Forum for Science, Industry and Business

Sponsored by:     3M 
Search our Site:

 

Wolves are rebalancing yellowstone ecosystem

29.10.2003


The reintroduction of wolves into Yellowstone National Park may be the key to maintaining groves of cottonwood trees that were well on their way to localized extinction, and is working to rebalance a stream ecosystem in the park for the first time in seven decades, Oregon State University scientists say in two new studies.



The data show a clear and remarkable linkage between the presence of wolves and the health of an entire streamside ecosystem, including two species of cottonwoods and the myriad of roles they play in erosion control, stream health, and nurturing diverse plant and animal life.

The findings of these studies were recently published in Ecological Applications, a journal of the Ecological Society of America, and the journal Forest Ecology and Management.


"In one portion of the elk’s winter range along the Lamar River of Yellowstone National Park, we found that there were thousands of small cottonwood seedlings," said Robert Beschta, professor emeritus in the College of Forestry at OSU and an expert on streams and riparian systems. "There should also have been hundreds of young trees, but there were none. Long-term elk browsing had been preventing any seedlings from getting taller."

That pattern was common throughout the study area - lots of seedlings in combination with large cottonwood trees generally more than 70 years old, but little or nothing in between.

Young cottonwoods, willows, and other streamside woody species are a preferred food for browsing elk during the harsh winters in northern Yellowstone, when much of the other forage is buried under snow. But when packs of wolves historically roamed the area, food was not the only consideration for elk, which had to be very careful and apparently avoided browsing in high-risk areas with low visibility or escape barriers.

Wolves were systematically killed in the Yellowstone region and many other areas of the West beginning in the late 1800s. A concentrated effort between 1914 and 1926 finished the job - the last known wolf pack disappeared in 1926.

"I considered a variety of potential reasons that might explain the historical decline of cottonwoods that began in the 1920s and have continued up to the last couple of years," said Beschta. "I looked at climate change, lack of floods, fire suppression, natural stand dynamics, and numbers of elk. But none of those factors really explained the problem. "Ultimately, it became clear that wolves were the answer."

While elk populations fluctuated over the decades when wolves were absent, browsing behavior appears to represent an important factor related to streamside impacts. With no fear of wolves, the elk could graze anywhere they liked and for decades have been able to kill, by browsing, nearly all the young cottonwoods. Other streamside species such as willows and berry-producing shrubs also suffered.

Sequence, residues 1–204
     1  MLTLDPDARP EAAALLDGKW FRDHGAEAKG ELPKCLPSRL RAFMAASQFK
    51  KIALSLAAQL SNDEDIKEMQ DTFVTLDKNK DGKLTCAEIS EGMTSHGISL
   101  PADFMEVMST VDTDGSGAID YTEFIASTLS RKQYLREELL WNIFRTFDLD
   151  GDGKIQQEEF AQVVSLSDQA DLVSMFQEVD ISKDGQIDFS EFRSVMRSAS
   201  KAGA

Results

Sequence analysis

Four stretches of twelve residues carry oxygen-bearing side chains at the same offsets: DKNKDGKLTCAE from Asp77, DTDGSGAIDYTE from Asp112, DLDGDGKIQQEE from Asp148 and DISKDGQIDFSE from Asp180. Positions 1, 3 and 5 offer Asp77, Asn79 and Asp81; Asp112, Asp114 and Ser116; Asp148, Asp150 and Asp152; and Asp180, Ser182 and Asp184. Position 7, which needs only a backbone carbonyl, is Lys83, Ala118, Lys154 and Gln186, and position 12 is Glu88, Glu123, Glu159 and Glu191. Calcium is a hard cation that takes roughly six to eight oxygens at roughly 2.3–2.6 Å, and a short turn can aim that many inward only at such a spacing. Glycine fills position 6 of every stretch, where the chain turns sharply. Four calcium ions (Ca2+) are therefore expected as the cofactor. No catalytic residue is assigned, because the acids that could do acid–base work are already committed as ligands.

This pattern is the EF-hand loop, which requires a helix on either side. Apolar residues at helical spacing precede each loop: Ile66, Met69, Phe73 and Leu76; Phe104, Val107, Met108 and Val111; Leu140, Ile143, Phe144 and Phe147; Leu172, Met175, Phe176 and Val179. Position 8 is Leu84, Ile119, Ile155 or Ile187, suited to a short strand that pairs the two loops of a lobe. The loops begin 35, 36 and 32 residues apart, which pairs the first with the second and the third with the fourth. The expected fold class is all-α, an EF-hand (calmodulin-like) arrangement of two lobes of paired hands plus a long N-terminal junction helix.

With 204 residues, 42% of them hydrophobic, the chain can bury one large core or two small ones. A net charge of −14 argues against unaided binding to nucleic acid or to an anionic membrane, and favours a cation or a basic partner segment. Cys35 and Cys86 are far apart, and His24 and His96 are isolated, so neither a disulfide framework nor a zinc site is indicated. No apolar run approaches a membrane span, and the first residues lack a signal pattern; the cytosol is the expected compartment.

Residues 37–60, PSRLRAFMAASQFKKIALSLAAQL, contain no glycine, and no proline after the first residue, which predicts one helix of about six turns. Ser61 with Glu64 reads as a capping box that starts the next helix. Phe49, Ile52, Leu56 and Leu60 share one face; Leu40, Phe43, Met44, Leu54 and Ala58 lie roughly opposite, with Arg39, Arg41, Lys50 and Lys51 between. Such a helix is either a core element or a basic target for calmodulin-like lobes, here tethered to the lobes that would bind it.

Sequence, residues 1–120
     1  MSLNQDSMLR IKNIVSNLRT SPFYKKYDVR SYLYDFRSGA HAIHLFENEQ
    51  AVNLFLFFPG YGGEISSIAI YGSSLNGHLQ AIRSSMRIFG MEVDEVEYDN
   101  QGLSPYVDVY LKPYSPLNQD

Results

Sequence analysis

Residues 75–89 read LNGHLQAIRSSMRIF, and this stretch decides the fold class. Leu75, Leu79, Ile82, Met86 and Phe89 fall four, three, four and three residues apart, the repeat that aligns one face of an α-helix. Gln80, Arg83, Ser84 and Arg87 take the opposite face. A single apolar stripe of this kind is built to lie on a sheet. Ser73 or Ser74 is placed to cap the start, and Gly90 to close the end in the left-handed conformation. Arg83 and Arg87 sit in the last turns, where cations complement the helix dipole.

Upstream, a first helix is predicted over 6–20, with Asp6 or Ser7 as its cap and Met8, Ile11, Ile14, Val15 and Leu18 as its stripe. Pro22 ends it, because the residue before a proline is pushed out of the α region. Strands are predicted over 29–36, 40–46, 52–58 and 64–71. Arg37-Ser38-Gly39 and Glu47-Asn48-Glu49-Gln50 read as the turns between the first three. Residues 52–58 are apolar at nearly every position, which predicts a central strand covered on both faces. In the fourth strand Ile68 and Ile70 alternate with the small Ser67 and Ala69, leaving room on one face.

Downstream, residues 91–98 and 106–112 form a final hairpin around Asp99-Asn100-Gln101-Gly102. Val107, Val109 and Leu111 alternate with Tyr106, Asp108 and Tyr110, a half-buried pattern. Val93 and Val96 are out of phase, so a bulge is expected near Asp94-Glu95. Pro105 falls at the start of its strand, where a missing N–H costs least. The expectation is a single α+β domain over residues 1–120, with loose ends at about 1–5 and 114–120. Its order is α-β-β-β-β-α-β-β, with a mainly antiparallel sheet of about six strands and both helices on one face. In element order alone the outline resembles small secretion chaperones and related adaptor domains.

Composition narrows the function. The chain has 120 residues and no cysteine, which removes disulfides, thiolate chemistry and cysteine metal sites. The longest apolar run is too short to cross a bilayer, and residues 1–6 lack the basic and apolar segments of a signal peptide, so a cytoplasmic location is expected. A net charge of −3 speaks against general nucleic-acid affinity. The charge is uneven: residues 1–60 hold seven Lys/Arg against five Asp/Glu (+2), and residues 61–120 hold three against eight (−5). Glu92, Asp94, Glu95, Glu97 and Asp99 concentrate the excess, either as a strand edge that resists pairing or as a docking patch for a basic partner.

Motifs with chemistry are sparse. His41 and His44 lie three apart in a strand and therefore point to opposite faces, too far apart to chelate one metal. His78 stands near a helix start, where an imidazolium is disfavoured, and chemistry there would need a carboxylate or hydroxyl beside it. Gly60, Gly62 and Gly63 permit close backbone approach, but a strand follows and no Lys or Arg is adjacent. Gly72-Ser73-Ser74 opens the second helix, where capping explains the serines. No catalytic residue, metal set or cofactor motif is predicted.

That in turn began to play havoc with an entire streamside ecosystem and associated wildlife, including birds, insects, fish and others. Trees and shrubs were lost that could have helped control stream erosion. Food webs broke down.

"Before the wolves came back, it was pretty clear that in some areas we were heading towards an outright extinction of cottonwoods," Beschta said.

Now, with the recent reintroduction of wolves back into Yellowstone in 1995, streamside shrubs and cottonwoods within the Lamar Valley are beginning to become more prevalent and taller, and were the focus of a second study in the same area. That study outlines how the fear of attack by wolves apparently prevents browsing elk from eating young cottonwood and willows in some streamside zones.

With the renewed presence of wolves, young cottonwoods and willows have been growing taller each year over the last four years on "high-risk" sites, where elk apparently feel vulnerable due to terrain or other conditions that might prevent escape. In contrast, on "low-risk" sites, they are still being browsed by elk and show little increase in height.

"In one case where a gully formed an escape barrier for elk, the tree height went up proportionally as the gully deepened and formed an increasing barrier to escape," said William Ripple, a professor with the College of Forestry at OSU. "Where the fear factor of wolves is high, the young trees and willows are doing much better and growing taller."

Traditionally, "keystone" predators such as wolves were known to influence the population of other animals that they preyed on directly, such as elk or antelope. What researchers are now coming to better understand is the "trophic effect," or cascade of changes that can take place in an ecosystem when an important part is removed, Ripple said.

The comparatively pristine conditions of a national park allowed this type of research to make "cause and effect" studies more feasible, the scientists point out.

"The removal of wolves for 70 years - and then their return - actually set the stage for a scientific experiment with fairly compelling results," Beschta said.